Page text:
Documents, Manuscripts, Maps, & Photographs
Manuscript Group 373, Franklin Jones, (d. 1865), Civil War soldier
Papers, 1843-1868 (Bulk dates: 1864-1865), 0.1 linear feet / 29 items
Call Number: MG 373
Primarily letters from Jones, a private in the l0th Regiment, New Jersey Volunteers, to his wife and children. Most of the letters were written from Virginia during the Petersburg Campaign. Jones contracted "chronic diarrhoea'' and died on May 19, 1865.
Gift of Mrs. Daniel Maher, 1957.
Franklin Jones (d. 1865) was a New Jersey resident and Union soldier during the Civil War. He served as a private in the 10th Regiment of New Jersey following his conscription on November 28, 1864, and was ultimately stationed near Petersburg, Virginia. Virtually nothing is known about his childhood, occupation, or home life. Jones possessed a fundamental education, as is apparent in his letters, and a marginal degree of financial stability.
At the time he left for Trenton in 1864 Franklin Jones had five children with his wife, Ruhamah: Margaret (b. 1852), Susanna (b. 1853), Elizabeth (b. 1855), George H. (b. 1860), and Charles (b. 1862). During Franklinís absence the children suffered repeated illnesses, including scarlet fever, which, coupled with the irregularity of his military paychecks, necessitated Ruhamah cashing in several bonds. On January 27, 1865 Ruhamah Jones gave birth to their sixth child who she named after his father; Franklin Jones Sr. died without ever seeing his son.
In early April, 1865 Franklin Jones began to suffer from bouts of diarrhea accompanied by excessive weight loss. He was finally hospitalized for chronic diarrhea on May 1, 1865. Jones was transferred to Colombian Hospital in Washington DC on May 18, 1865, and died the following day.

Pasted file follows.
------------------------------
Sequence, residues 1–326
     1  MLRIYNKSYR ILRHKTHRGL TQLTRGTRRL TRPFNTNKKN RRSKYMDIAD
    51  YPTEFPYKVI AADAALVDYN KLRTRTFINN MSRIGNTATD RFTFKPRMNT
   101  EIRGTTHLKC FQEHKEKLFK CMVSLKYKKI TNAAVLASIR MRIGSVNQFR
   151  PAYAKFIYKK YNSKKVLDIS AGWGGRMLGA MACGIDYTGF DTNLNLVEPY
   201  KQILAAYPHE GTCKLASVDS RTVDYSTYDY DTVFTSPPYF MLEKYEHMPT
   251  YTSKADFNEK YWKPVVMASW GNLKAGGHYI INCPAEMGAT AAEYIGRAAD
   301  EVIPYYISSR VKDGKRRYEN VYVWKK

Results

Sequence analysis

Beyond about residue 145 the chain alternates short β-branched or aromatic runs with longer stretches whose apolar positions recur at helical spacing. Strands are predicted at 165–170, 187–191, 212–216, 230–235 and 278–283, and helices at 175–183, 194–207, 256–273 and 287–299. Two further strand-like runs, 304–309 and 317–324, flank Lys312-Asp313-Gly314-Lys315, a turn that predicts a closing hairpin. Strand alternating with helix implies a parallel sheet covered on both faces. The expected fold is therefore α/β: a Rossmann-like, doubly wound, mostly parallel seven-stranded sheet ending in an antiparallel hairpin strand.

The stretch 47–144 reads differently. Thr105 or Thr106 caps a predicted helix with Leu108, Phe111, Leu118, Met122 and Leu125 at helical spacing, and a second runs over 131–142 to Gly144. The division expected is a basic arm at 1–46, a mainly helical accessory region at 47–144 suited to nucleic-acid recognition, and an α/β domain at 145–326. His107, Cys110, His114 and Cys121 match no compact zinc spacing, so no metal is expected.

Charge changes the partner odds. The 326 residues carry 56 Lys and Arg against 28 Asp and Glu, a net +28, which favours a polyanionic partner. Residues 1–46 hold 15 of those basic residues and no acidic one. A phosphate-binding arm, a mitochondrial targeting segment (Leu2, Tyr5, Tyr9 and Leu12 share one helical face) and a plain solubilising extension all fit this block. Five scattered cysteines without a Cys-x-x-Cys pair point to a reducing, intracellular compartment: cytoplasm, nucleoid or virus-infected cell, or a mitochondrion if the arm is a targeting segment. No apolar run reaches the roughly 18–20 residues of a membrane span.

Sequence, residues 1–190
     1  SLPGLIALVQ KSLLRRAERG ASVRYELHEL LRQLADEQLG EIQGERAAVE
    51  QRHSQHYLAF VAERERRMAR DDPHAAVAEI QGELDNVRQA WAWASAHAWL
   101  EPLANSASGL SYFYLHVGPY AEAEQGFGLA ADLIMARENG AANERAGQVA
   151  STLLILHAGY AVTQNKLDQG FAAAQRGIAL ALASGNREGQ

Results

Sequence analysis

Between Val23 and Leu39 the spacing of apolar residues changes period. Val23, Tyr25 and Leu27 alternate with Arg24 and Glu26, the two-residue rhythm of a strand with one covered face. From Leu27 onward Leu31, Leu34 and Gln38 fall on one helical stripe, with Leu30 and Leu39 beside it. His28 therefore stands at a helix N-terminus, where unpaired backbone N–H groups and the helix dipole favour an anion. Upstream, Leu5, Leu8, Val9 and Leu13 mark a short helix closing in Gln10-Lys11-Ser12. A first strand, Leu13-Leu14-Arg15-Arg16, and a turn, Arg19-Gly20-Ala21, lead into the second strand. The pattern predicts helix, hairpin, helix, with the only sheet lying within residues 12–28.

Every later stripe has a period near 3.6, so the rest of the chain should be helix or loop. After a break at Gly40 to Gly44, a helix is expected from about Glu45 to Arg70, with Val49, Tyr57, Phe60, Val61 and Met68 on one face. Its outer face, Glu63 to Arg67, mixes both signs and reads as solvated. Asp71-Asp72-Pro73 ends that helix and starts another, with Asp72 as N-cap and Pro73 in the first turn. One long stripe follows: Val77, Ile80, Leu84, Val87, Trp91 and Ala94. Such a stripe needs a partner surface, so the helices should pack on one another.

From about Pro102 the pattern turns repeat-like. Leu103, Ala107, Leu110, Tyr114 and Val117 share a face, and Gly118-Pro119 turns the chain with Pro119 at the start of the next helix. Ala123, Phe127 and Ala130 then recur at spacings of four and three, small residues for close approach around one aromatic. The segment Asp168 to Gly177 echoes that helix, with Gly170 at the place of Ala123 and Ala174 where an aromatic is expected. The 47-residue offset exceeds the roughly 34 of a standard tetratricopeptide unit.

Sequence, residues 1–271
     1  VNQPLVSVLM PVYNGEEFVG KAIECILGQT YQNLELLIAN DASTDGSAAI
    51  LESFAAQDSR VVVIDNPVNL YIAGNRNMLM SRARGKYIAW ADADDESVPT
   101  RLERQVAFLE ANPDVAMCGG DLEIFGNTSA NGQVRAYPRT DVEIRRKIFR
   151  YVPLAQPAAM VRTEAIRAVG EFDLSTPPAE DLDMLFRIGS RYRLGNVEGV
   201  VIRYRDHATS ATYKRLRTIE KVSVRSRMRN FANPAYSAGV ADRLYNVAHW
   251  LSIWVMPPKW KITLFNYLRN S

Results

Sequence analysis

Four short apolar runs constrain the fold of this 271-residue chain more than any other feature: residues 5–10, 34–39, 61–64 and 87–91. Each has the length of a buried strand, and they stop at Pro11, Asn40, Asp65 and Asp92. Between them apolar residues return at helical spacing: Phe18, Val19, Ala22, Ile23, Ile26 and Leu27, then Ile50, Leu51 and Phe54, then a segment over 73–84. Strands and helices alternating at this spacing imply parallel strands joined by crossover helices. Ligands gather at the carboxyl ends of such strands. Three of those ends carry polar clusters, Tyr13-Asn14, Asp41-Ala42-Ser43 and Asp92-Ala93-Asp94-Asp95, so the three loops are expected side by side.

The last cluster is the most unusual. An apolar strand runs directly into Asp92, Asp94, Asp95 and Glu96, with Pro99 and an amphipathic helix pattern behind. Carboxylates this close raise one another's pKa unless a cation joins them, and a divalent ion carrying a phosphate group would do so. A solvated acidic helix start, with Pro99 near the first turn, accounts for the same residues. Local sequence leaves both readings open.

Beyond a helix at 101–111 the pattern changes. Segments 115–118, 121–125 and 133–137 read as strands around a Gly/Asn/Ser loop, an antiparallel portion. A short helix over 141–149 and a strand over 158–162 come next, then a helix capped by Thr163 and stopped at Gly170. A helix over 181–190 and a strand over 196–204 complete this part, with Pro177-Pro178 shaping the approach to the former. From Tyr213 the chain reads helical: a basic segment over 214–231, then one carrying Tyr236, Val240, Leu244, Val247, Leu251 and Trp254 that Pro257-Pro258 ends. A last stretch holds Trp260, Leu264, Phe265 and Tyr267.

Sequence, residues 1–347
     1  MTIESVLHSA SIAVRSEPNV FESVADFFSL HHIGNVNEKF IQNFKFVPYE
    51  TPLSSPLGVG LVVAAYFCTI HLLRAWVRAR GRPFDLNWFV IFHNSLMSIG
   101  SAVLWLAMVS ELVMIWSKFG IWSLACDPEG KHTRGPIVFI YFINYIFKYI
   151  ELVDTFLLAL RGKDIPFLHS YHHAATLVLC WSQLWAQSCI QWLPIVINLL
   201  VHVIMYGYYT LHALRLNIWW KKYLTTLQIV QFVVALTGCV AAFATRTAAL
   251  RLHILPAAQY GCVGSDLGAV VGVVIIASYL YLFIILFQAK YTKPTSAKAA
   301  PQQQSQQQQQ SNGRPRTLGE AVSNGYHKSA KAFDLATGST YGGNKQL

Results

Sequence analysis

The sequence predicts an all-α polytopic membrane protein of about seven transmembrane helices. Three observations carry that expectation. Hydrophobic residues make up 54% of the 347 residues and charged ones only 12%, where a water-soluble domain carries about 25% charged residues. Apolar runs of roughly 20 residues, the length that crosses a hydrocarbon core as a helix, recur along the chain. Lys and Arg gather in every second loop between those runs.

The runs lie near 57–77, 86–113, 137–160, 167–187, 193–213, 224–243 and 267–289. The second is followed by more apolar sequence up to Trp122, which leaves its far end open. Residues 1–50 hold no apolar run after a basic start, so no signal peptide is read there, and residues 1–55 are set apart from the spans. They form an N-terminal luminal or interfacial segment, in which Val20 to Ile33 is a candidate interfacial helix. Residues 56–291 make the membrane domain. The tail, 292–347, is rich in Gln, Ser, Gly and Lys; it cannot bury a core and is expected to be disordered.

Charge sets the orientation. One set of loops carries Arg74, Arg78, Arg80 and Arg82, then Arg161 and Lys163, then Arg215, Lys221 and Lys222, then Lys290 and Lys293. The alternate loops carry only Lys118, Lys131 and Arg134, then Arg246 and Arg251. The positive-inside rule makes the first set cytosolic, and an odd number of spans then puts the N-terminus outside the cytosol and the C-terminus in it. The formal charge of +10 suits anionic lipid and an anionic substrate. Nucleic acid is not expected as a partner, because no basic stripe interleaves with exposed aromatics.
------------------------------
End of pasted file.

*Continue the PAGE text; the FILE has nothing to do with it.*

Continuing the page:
The Franklin Jones Papers were a gift of Mrs. Daniel Maher in 1957.
The Franklin Jones Papers consist of one folder of correspondence and other materials related to Private Jonesís military career. The documents date from 1843 to 1868, with bulk dates from 1864 to 1865. Items are arranged chronologically and include a small bible published in 1843 which is listed in a receipt of personal effects of the deceased. Twenty-four of Jonesís letters to his wife and children constitute the bulk of the material. In them he relates his experiences as a soldier in the 10th Regiment stationed in Virginia: the camp environment, his diet, reports of Confederate desertions and deteriorating morale, the Petersburg Campaign, and his declining health.
The papers also contain a letter from Reverend Theodore C. Bancroft, dated May 19, 1865, to Mrs. Jones informing her of her husbandís death at Colombian Hospital in Washington DC; a certificate of military enrollment; and a pension certificate issued by the Department of the Interior.
Processed by Jeffrey V. Moy, Rutgers University Intern, April, 2000
The New Jersey Historical Society